Shares of Huntington Ingalls Industries (NYSE:HII) plunged more than 8% on May 3 after the company reported first quarter earnings that came in well below analyst estimates. The shipbuilder had been climbing steadily higher leading up to earnings season, propelled by increased Pentagon spending and calls from the Trump Administration to dramatically expand the U.S. Navy.
Was Huntington's miss a one-time stumble, or a realization by the markets that investor enthusiasm had outpaced financials? Here is a look at the company's recent results, its updated outlook, and whether the company is a buy after this recent drop.
You'd never know it from the stock reaction, but much of the earnings miss is attributable to a one-time retirement benefit expense triggered by changes in the tax law. Even with the one-time item, net income came in at $156 million, a 31% improvement over the same three months of 2017. Revenue, at $1.87 billion for the quarter, was up 8.7% from a year prior.
Still, there were reasons for concern with the company's quarterly results. Huntington Ingalls said to expect shipbuilding margins in the 7% to 9% range for 2018 and 2019, below the 9% to 10% range CEO Mike Petters said should be expected if the company has a "healthy blend" of older, more lucrative orders and newer, less profitable orders and "executing well." Petters on the call with analysts said the margins are tied to the significant number of recent orders the company has received, noting that it does not fully recognize income until it retires risk by delivering a completed ship.
"We look out over the next couple years and we see the major amount of shipbuilding coming down the pipeline, so that's going to put us even more out of balance," Petters said. Huntington Ingalls expects to deliver four ships in 2018, down from six in 2017.
Of course, over time having an increase in orders is good news for Huntington Ingalls and its shareholders. The company believes that while the next few quarters could be uneven, the long-term outlook is strong.
"I wouldn't trade this position for anything," Petters said. "Frankly, this is the most exciting shipbuilding environment in over 30 years."
Benefits of a bigger Navy
Indeed, the long-term outlook for Huntington Ingalls provides plenty of reason for optimism. The Pentagon is planning to order guided-missile destroyers and submarines in bulk, with a new Coast Guard cutter and amphibious ship on deck. More importantly for Huntington Ingalls, as the nation's sole builder of aircraft carriers, the Navy is inching toward ordering its next two carriers at once.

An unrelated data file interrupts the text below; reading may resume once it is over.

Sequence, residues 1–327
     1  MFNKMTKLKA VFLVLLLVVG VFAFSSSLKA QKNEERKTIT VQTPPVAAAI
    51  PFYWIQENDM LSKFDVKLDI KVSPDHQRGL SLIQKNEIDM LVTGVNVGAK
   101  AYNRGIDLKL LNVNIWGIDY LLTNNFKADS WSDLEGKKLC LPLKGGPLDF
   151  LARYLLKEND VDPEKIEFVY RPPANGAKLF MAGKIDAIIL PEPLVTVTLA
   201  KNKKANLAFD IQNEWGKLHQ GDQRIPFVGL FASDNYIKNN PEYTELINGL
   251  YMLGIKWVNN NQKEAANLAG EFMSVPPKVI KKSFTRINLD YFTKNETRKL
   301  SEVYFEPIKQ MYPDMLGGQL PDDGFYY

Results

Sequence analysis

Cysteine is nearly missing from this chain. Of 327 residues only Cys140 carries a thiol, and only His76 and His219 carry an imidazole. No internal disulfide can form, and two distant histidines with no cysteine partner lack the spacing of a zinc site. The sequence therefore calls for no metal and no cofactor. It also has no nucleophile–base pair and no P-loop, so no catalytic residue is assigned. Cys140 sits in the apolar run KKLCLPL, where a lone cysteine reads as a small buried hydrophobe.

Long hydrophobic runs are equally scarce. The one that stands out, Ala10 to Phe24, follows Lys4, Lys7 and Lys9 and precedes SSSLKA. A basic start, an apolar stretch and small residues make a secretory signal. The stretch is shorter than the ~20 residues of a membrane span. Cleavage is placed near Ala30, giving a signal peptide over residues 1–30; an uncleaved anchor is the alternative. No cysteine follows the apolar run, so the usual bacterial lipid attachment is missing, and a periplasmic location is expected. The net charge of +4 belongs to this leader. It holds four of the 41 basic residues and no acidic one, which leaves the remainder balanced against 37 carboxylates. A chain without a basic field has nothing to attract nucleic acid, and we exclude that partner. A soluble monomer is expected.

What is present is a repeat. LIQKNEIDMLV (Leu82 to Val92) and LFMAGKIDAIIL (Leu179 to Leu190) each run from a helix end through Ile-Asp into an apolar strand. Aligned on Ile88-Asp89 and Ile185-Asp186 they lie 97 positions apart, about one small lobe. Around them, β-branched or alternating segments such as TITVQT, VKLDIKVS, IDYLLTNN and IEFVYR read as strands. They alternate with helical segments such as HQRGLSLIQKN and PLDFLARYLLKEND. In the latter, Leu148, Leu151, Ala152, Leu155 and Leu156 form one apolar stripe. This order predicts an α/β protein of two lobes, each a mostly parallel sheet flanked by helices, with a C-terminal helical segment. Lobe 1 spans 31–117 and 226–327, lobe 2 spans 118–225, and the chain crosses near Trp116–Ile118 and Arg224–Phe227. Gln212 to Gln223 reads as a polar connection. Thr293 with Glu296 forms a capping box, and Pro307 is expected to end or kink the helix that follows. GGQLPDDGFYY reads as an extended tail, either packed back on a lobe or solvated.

The House Armed Services Committee included authorization of a two-carrier contract in its version of the fiscal 2019 authorization bill released last month, a clear indication that momentum is headed in that direction.
Petters has been a vocal advocate for multi-ship orders, arguing that the labor and procurement savings that can be generated from building two ships at once would benefit both the company and the government. It would also help stabilize the ebb and flow nature of Huntington's labor force, helping to keep expert workers on the payroll year-round and reduce training costs.
At quarter's end, Huntington Ingalls had about 25 ships under contract. The company sees the potential to add 20 to 30 additional ships by the end of 2020.
A patient buy
Huntington Ingalls, despite the potential for new orders, remains a relative bargain among government contractors. The company trades at 20.14 times trailing earnings, a 20% discount or more to the valuations of Northrop Grumman, Raytheon, or Lockheed Martin.
Granted, Huntington is only one-third of the size of the smallest of those companies, and while the others are diversified, HII is reliant on the U.S. Navy. But for the next few years at least, strong ties to the U.S. Navy is a positive for the company. Huntington is also traditionally the least-profitable of the major defense contractors, with a 12% trailing-twelve-month Ebit margin compared to 12.17% for Lockheed, 13.15% for Raytheon, and 13.61% for Northrop. Even if those margins prevent Huntington from closing the valuation gap completely, that 20% difference seems unwarranted.
Huntington Ingalls is a well-run company positioned to soak up more than its fair share of the growing U.S. defense budget. The recent quarter was a reminder that this voyage will not be without some choppy seas. But for long-term holders, Huntington Ingalls is a definite buy.